India has superpower ambitions, but its schools don’t have power, computers or librarians

A classroom in rural India.
A classroom in rural India.
Image: Reuters/Adnan Abidi
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It’s official: Indian schools are utterly lacking when it comes to even basic infrastructure.

According to a government survey, many schools—government and private—do not have regular power supply, computers, or librarians, among other essentials. The report looked at 1.52 million schools across 36 states and union territories in financial year 2014-15 and was jointly conducted (pdf) by the National University of Educational Planning and Administration and the department of school education and literacy.

The absence of these basics is proof of the crisis in India’s education system. The quality of education in Asia’s third-largest economy is in any case sub-standard, with poor learning outcomes across the board. Then there’s the issue of teacher quality and absenteeism, too.

Overall, Indian schools have a long way to go before they can help the country in its superpower ambitions.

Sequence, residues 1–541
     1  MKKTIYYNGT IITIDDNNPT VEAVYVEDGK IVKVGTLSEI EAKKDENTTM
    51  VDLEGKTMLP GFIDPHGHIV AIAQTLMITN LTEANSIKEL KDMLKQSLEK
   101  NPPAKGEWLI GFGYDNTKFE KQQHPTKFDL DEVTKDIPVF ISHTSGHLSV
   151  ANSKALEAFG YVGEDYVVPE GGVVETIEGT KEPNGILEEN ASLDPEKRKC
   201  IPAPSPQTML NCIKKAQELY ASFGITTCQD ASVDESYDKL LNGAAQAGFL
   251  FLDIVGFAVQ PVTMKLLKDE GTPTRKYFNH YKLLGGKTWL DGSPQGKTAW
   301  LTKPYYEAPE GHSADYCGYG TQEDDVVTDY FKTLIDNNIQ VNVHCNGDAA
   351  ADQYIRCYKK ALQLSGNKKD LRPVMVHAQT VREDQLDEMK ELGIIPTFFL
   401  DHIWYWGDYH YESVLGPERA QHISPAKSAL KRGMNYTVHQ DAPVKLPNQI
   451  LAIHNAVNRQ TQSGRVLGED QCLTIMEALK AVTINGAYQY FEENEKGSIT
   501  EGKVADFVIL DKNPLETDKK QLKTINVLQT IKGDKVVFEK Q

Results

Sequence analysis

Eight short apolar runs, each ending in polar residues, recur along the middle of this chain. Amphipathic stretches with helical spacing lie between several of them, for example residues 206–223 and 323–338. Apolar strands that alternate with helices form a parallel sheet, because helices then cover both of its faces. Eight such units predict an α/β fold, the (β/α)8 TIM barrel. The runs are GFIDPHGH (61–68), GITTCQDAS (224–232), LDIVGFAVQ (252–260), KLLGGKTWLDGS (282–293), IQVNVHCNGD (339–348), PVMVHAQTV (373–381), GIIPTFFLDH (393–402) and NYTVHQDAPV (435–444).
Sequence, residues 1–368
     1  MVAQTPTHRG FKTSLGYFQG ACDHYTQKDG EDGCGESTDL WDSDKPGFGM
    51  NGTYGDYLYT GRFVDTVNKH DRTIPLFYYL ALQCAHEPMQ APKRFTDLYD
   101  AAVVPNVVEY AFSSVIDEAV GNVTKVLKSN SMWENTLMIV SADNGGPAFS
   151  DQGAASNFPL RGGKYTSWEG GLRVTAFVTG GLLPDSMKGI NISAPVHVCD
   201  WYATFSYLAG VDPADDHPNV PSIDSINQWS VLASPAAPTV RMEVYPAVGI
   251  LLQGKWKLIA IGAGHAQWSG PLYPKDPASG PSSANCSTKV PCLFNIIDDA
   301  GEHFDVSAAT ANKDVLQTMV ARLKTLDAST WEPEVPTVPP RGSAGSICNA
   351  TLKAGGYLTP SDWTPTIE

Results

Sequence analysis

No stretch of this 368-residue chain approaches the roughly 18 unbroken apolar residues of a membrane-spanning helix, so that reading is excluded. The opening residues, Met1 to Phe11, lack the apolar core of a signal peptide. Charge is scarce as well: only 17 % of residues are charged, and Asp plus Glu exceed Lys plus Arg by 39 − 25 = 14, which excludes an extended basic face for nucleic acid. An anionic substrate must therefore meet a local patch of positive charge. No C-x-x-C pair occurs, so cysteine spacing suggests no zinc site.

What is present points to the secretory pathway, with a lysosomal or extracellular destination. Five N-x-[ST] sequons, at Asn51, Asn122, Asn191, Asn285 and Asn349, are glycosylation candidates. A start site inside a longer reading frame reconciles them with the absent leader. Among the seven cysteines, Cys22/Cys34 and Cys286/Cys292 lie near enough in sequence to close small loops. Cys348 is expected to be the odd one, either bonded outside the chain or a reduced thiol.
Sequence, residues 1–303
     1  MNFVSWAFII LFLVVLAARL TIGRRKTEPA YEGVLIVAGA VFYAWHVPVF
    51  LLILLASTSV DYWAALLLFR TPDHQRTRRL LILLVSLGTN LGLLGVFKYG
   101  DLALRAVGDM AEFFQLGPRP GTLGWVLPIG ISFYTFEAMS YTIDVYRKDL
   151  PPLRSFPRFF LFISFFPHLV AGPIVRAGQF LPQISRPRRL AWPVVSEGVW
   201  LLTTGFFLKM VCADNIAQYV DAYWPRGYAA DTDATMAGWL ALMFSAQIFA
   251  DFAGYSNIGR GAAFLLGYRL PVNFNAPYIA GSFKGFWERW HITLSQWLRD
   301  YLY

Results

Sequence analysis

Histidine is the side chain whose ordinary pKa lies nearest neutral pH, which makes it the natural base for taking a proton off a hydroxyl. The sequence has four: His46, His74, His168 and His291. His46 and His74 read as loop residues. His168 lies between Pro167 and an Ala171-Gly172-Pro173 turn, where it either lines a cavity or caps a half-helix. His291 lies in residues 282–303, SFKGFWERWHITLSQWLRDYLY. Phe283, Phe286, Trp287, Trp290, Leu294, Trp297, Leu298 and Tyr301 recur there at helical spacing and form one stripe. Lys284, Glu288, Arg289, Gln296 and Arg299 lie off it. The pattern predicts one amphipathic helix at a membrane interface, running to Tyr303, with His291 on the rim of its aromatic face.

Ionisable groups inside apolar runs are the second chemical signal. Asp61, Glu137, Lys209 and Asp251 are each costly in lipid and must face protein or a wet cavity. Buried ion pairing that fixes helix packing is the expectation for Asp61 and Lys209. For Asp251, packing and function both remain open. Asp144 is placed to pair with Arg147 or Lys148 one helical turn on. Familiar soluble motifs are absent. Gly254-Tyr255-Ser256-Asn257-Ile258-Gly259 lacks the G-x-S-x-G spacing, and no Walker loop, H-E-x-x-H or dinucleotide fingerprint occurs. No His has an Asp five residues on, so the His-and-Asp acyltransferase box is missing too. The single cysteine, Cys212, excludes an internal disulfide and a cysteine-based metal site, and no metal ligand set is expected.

Here are some of the areas that desperately need improvement.


Power deficit has been a looming problem in India for years. With demand constantly rising and a chronic shortage in supply, many areas are still left out of the power grid. The survey says that 40% of Indian schools lack electricity.

This means it is hard to use technology. In some areas, it even means students have to study in extremely hot and humid conditions because the fans can’t function. This certainly contributes to higher dropout rates.

By fiscal 2022, India’s power deficit is estimated to grow to 5.6%, up from 2.2% in 2016, according to a joint report by industry body Assocham and consultancy PwC.


India is known as an information technology hub, but in reality, only 26.42% of the country’s schools have computers. This, at a time when prime minister Narendra Modi is promoting initiatives such as Digital India.

Besides, the lack of computers means teachers can’t use new technology, instead relying heavily on textbooks.

Here are the states where computer access is extremely low:


While 82% of Indian schools have libraries, only 16.5% of the secondary and higher-secondary schools have a librarian.